Houseless youth rebuilding lives through NAYA and pilot program

Houseless youth rebuilding lives through NAYA and pilot program

Houselessness is a critical issue in Portland, with Native Americans disproportionately represented in Multnomah County. NAYA’s Youth Housing Services (YHS) works to change that for the nearly 93 youth, ages 16-24, served by the program through offering housing and other basic human needs like food, hygiene products, childcare, and connection to culture.  

YHS is part of a greater vision for the Native community to create paths for self-determination. According to NAYA Youth Housing Manager, Jordan Palmer, Coquille, “Experiencing homelessness can mean a variety of things. This includes couch surfing, temporary living situations with family members, and not having a designated bedroom.” 

With a community-driven approach, YHS provides trauma-informed care and addresses the unique circumstances that lead to homelessness within the Native American community. Utilizing the Relational Worldview Model, YHS works to meet clients where they are, to develop goals based on what the young person wants for themselves.  

“The holistic Indigenous model for wellness is at the forefront of our work. We identify four goals based on mind, body, spirit and social context. We develop our plan based on this assessment and find that this has a long-term lasting impact. A common goal can be learning to cook more, or basic skills needed to thrive,” said Palmer. 

While NAYA’s YHS provides a continuum of life-saving resources and wraparound services, it’s through an innovative, state-wide pilot program that we are seeing real potential to move the needle on youth homelessness. NAYA is the first Portland organization to participate in the Direct Cash Transfer (DCT) Plus program, which distributes $1,000 each month to homeless youth for two years, with no stipulations about how that money is spent. Direct cash transfers for youth have roots in universal basic income, an anti-poverty intervention that provides regular cash payments with no restrictions to communities.  

The state partnered with the nationwide homeless youth nonprofit Point Source Youth to bring direct cash transfers to Oregon. Most government funding allocated to ending youth homelessness has tight rules about spending. That’s not so with direct cash transfers. 

Three Oregon organizations serving homeless youth are facilitating the pilot, which has more than 100 participants overall.  With 74 youth, NAYA is facilitating the largest cohort, with nearly all of the youth identifying as people of color and more than a third identifying as Indigenous. Participants began receiving payments in March 2023.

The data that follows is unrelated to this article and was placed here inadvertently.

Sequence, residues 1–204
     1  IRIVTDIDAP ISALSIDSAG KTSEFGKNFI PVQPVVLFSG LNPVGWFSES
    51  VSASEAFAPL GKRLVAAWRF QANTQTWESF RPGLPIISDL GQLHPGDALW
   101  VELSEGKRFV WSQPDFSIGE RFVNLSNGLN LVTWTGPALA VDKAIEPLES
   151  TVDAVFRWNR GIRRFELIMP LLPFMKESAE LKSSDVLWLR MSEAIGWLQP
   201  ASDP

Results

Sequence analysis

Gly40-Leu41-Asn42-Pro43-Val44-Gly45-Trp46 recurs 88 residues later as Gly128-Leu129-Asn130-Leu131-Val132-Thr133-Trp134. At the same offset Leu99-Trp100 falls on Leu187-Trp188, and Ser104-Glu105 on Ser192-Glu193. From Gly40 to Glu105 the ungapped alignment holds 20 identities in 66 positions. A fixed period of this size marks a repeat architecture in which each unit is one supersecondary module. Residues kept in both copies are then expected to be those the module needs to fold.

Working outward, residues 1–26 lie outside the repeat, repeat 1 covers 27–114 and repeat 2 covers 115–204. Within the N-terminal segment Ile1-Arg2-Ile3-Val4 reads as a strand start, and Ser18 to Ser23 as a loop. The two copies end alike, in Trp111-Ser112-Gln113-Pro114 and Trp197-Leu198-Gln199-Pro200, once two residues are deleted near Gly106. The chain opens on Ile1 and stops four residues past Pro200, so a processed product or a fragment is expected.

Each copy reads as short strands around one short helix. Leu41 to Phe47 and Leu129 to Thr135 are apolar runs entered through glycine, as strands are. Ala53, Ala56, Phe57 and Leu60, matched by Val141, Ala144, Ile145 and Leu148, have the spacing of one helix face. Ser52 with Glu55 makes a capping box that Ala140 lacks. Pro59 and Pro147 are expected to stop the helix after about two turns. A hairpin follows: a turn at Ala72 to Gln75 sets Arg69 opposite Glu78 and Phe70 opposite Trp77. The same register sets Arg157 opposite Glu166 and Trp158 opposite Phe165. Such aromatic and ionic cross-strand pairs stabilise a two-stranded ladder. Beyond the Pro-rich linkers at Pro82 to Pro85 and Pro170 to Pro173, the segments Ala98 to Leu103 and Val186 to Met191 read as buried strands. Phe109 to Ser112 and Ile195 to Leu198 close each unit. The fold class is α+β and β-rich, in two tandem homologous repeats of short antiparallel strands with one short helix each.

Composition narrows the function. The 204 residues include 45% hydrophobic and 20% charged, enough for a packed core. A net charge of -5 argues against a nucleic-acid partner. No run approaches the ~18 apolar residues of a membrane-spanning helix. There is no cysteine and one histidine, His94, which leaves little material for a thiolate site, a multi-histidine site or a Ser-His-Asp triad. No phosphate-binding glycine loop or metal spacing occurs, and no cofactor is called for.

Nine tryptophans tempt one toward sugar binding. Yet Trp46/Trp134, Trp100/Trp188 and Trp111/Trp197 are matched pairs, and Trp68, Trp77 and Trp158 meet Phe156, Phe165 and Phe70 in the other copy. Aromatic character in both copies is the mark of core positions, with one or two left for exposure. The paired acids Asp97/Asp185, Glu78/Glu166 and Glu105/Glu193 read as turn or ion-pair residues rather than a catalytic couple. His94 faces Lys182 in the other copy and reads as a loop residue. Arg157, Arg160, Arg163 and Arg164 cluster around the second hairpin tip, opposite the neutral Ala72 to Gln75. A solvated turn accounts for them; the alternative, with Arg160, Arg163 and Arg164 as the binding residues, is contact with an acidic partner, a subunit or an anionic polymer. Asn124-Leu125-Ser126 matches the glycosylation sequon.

DCT is already impacting lives as state data shows nearly two-thirds of youth participants in the program have been housed since the pilot began. In a recent interview with Oregon Public Broadcasting, Melissa Juans-Munoz, one of the youth working with NAYA’s YHS, shared that their funding has gone towards basic needs such as groceries, items to furnish their new apartment, and a cell phone for their younger sister.  

“It does make a world of difference,” said Juans-Munoz of the additional money. “And it makes me feel better when I can help my family too.” Read more about Melissa’s journey here. 

Each DCT participant receives $1,000 a month for two years and has access to a one-time $3,000 enrichment fund.  

According to Palmer the results are lifechanging. “We’ve seen folks buy a car, pay off debt collections, and take care of things that may cause challenges for them. Just having a little extra money can make such a huge difference. One of the nice things about DCT is that there is no required case management component. While we have staff and services always available, participants’ funding isn’t contingent upon attending classes. All they must do is let a DCT staff know once a month that they received their payment.”  

“A youth I was working with recently got into college and I referred them to Northwest Housing which provided rental support. The DCT provided funding to pay off academic holds and he just finished his first semester with a 3.4 GPA” said Erik Ramone, Navajo/Aaniiih (Grosventre), Youth Housing Advocate. 

“I feel like a lot of people who come from reservations just want an opportunity to do things but that can be hard in an urban setting. So, being able to share my lived experience and bring them into NAYA for programming is rewarding. Providing a safe space for our youth on their pathway to adulthood is everything,” said Ramone. 

Community-based investments 

Since the inception of DCT, YHS has continued to make community-based investments through intentional programming and support services like financial literacy and housing navigation.  

“We’ve responded to the needs and wants of our young people by hosting financial wellness events at community gatherings. There is a lot of stigma around homelessness, so we provide opportunities for youth to feel accepted. So many of our participants who didn’t know each other are now meeting outside of NAYA and making those connections. We can only do so much as case workers and sources of support. It has a profound and lasting impact with peer-to-peer support,” said Palmer. 

Youth also wanted more support in strengthening their cultural identity and mental health, so NAYA is offering them cultural arts classes like beading and mental health supports like harm reduction services. Culture is healing!  

For more information on NAYA’s Youth Housing Services visit our website.